The last century’s obsession with artistic unity, style, and connoisseurship in the preservation of the visual arts planted the seeds for a revolution of intangible content and process over tangible form. But the question now is: are we losing the desire and ability to respond to the physicality of things and places, to see more, hear more and feel more, in deference to the aggressive revealing of invisible content at the expense of the physical place? As Susan Sontag warned in 1964, “Interpretation is the revenge of the intellect upon art…interpretation tames art by reducing it to its content…and makes it manageable, comfortable.”4 Here Sontag recalls Hegel’s problems with the analytical zeal of “Understanding” upon “Beauty” when he wrote, “Beauty, powerless and helpless, hates understanding, because the latter exacts from it what it cannot perform.”5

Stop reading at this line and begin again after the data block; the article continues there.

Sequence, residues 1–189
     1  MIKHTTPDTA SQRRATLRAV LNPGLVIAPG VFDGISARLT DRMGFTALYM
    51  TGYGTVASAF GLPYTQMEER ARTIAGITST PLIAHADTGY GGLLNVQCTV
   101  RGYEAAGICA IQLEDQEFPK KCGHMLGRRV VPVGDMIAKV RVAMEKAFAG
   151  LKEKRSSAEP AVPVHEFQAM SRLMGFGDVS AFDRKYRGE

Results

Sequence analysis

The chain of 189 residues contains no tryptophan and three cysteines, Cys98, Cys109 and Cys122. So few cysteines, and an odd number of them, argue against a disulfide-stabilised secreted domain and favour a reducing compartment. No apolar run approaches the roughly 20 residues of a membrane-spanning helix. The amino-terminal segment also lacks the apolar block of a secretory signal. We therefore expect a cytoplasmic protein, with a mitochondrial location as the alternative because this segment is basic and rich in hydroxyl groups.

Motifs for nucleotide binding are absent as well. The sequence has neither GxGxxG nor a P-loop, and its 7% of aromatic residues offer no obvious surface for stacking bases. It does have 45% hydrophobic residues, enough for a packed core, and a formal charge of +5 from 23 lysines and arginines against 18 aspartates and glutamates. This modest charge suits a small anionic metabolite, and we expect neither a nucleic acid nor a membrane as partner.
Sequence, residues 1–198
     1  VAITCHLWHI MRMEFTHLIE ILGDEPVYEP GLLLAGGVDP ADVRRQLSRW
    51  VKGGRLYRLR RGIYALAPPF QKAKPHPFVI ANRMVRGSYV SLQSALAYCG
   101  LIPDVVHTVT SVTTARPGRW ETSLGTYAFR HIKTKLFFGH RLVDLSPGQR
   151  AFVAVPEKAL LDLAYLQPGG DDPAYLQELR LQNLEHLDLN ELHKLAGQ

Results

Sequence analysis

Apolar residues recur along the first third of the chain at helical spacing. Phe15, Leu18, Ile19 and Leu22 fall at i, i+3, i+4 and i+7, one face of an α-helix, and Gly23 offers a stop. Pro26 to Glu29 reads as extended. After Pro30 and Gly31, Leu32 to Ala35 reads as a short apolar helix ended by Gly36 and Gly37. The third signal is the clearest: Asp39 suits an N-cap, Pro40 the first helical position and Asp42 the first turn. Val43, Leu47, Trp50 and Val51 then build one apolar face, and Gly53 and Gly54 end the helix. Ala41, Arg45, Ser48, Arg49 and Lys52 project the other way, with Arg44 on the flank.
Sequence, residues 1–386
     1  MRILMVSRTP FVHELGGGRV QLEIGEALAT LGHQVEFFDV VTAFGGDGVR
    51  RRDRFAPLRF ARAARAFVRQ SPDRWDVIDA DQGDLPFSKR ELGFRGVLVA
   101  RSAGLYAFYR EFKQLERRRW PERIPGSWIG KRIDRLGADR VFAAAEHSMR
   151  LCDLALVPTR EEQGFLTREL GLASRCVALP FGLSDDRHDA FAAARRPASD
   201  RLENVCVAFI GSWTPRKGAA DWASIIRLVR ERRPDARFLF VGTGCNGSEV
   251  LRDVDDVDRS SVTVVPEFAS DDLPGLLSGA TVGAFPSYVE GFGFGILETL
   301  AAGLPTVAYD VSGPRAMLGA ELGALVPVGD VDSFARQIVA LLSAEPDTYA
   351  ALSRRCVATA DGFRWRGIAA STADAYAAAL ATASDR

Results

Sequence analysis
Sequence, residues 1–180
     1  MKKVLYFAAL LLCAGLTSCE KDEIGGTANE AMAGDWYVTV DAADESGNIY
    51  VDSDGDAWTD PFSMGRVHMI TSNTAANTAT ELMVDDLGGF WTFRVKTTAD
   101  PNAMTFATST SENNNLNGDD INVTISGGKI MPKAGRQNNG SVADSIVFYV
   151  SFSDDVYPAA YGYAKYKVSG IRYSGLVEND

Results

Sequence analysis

Of course interpretation can offer up a complex reading that has the ability to reveal much about a site that is invisible; it offers another form of excavation that completes what the trowel has revealed or left behind. But then so can a site’s inherited physical presence transport the viewer out of time through a series of experiential sensory stimuli. In an effort to develop all-informing narratives, we revise, revamp, reveal, and expose, littering places with commentary in the form of interpretive infrastructure: information centers (no longer museums), signs, viewing platforms, protective shelters, digital technology, and shops and cafes. Instead, to paraphrase Sontag, shouldn’t our ultimate task be to show how it is what it is, rather than to show what it means?